“An exception is a pleading in which a party states his objection to the contents of a pleading of the opposite party on the grounds that the contents are vague and embarrassing or lack averments which are necessary to sustain the specific cause of action or the specific defence relied upon. The taking of an exception is a procedure which is interposed before the delivery of a plea on the merits by a defendant or before the delivery of a replication or the joinder of issue by a plaintiff. It is designed to dispose of pleadings which are so vague and embarrassing that an intelligible cause of action or defence cannot be ascertained or to determine such issues between the parties as can be adjudicated upon without the leading of evidence. The aim of the exception procedure is thus to avoid the leading of unnecessary evidence and to dispose of a cause of a case in whole or in part in an expeditious and cost-effective matter.”

[ 8] An exception is therefore a special implement in the rules of court`s tool box. Its purpose is to deliver convenience and pragmatism through disposition of matters in a speedy, cheap and easy manner. This it achieves by (a) persuading the court to strike off claims that are irreparably defective in that they reflect no valid causa supportable at law. Secondly (b) by so doing, the exception relieves a defendant from the agony of answering a claim suffocated by the overburden of prolix and imprecision.[3] (c), But an exception can also deliver a reprieve to a befuddled plaintiff whose summons and declaration may be salvaged by the deletion or correction of any offending portions therefrom. In the same respect, the same authorities that demand unstinting adherence to pristine standard in pleadings have also demonstrated qualified tolerance to certain instances of forgivably inadequate drafting[4]. But there is a limit to the extent to which such shortcomings may be accommodated. The principal consideration is that the causa must be unfailingly discernible from pleadings for any inelegance in the same pleadings to be deemed pardonable. To this extent, the exception is a procedure which must be taken only in appropriate circumstances and for the right reasons. Our courts have regularly chastised improper and insincere resort to use of the exception[5].

[ 9] It must, at all times be remembered that exceptions and special pleas raise a complaint of failure to adhere to the rules. And in that respect, it must also be noted that the rules of court can be clustered, for purposes of compliance, into two main categories. These may be labelled as (a) the qualitative or subjective, and (b) the technical, quantitative or objective. In the former group lie r 36 (1) (d) and r 13 (1) (e) of the High Court Rules 2021.In the latter category one may identify those other rules of court particularising various matters ranging from specifying the dies induciae within which process ought to be filed, manner of service of process or the prescriptions of r 36 under Part V of the rules. The latter r 36 sets out, to the detail all the specifications to be adhered to when preparing documents for filing; -paragraphing, numbering, indexing, pagination, binding and related matters.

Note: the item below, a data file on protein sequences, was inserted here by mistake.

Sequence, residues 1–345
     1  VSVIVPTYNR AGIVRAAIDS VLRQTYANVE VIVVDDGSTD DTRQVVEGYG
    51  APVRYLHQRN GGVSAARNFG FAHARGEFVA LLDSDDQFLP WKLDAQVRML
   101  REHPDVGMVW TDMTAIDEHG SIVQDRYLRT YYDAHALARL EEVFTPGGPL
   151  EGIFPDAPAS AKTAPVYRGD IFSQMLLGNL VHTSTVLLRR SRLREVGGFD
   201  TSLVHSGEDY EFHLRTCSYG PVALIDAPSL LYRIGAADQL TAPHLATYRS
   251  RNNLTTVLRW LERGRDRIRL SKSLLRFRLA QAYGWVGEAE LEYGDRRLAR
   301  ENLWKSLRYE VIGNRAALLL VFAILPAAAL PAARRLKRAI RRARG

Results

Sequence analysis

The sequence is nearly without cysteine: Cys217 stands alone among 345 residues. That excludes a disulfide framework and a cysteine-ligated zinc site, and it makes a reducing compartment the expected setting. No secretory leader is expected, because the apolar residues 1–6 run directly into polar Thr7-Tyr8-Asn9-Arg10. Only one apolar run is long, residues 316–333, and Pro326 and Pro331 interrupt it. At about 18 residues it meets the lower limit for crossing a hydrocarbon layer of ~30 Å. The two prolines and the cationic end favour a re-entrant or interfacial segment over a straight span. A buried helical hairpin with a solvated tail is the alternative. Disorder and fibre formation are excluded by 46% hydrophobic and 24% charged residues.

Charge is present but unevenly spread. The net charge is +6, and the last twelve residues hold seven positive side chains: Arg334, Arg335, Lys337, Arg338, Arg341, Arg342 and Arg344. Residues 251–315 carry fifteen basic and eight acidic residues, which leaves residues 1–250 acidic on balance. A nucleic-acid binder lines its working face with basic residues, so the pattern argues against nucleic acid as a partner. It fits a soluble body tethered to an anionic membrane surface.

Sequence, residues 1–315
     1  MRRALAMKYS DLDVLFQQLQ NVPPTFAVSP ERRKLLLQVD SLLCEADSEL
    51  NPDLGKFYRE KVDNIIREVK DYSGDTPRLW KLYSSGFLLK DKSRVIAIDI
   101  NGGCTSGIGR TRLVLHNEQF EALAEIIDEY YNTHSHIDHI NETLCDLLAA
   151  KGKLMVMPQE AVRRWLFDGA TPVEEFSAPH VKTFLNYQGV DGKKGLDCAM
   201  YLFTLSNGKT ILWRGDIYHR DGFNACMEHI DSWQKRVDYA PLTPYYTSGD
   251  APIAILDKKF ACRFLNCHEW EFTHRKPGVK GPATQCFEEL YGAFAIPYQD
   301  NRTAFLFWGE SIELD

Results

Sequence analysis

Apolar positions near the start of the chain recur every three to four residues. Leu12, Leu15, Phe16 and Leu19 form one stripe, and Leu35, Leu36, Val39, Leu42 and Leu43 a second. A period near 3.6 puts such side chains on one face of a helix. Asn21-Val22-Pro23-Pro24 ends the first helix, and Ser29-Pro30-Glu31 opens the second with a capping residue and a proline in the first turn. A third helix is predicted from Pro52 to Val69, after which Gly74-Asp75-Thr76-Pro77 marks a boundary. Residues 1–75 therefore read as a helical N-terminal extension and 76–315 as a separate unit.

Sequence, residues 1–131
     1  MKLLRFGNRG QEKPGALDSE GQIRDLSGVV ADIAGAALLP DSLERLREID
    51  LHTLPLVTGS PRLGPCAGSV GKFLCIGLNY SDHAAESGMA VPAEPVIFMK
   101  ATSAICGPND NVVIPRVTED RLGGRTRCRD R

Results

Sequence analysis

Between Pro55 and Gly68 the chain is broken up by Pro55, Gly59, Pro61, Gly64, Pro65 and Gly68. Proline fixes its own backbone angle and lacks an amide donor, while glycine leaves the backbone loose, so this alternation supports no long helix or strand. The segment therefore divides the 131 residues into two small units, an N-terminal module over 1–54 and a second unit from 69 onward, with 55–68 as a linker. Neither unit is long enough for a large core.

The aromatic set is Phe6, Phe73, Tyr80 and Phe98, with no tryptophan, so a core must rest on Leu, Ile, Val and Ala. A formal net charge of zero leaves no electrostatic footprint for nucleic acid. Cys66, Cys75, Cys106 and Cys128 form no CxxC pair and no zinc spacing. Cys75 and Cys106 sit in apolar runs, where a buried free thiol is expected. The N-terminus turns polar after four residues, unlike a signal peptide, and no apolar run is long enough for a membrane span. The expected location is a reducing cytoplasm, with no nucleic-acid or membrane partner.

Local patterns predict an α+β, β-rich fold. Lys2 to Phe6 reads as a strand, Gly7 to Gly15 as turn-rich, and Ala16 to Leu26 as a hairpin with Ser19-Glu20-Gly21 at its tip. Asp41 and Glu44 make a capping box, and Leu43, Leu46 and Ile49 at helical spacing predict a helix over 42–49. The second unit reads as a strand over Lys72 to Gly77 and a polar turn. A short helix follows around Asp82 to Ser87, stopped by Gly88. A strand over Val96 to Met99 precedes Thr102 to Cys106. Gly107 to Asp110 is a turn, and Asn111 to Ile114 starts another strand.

[ 10] A hybrid of the two categories could (arguably) be exemplified by r 36 (7) of the Commercial Court Rules 2020 which provides thus; -

(7) Heads of argument filed before the court shall comply with all of the following requirements—

(a) be no more than ten pages long, and;

(b) not contain any factual averments or repetition of the averments made in the affidavits filed of record, and;

(c) be restricted to the presentation of a short summary of the party’s case on the facts and at law accompanied by the correct citation of the relevant pages of the record, case law or other legal writings relied on including the specific page and section references relied upon. [ underlined for emphasis]


[ 11] Unfortunately, the declaration is not subjected to a similar specific document length restriction prescribed for heads of argument by r 37 (7) (a) of the Commercial Court Rules. This means an objective assessment must be conducted to ascertain adherence with the rules, especially in casu where defendant has issued the most profuse of protests. I indeed took the trouble to set out as much as possible in [1] to [ 5] above, these nature of defendant`s objections. I must however express my amazement at the vehemence in defendant`s exception. Undoubtedly, the declaration is quite long. Plaintiff himself admits to that fact. But the plaintiff`s summons and declaration did not, in my view, deserve the vituperation (brimming with luxuriant hyperbole) directed at them by the exception. The authorities, as noted, demand that pleadings be reviewed from a pragmatic perspective that recognises the inevitable deviation from perfection. Particularly relevant on the aspect of prolix is the fact that the High Court Rules 2021 rules have not, unlike r 36 (7) of the Commercial Court Rules, set a length limit so as to put to bed, subjective quarrels such as the one forming backbone of the present legal broil between the parties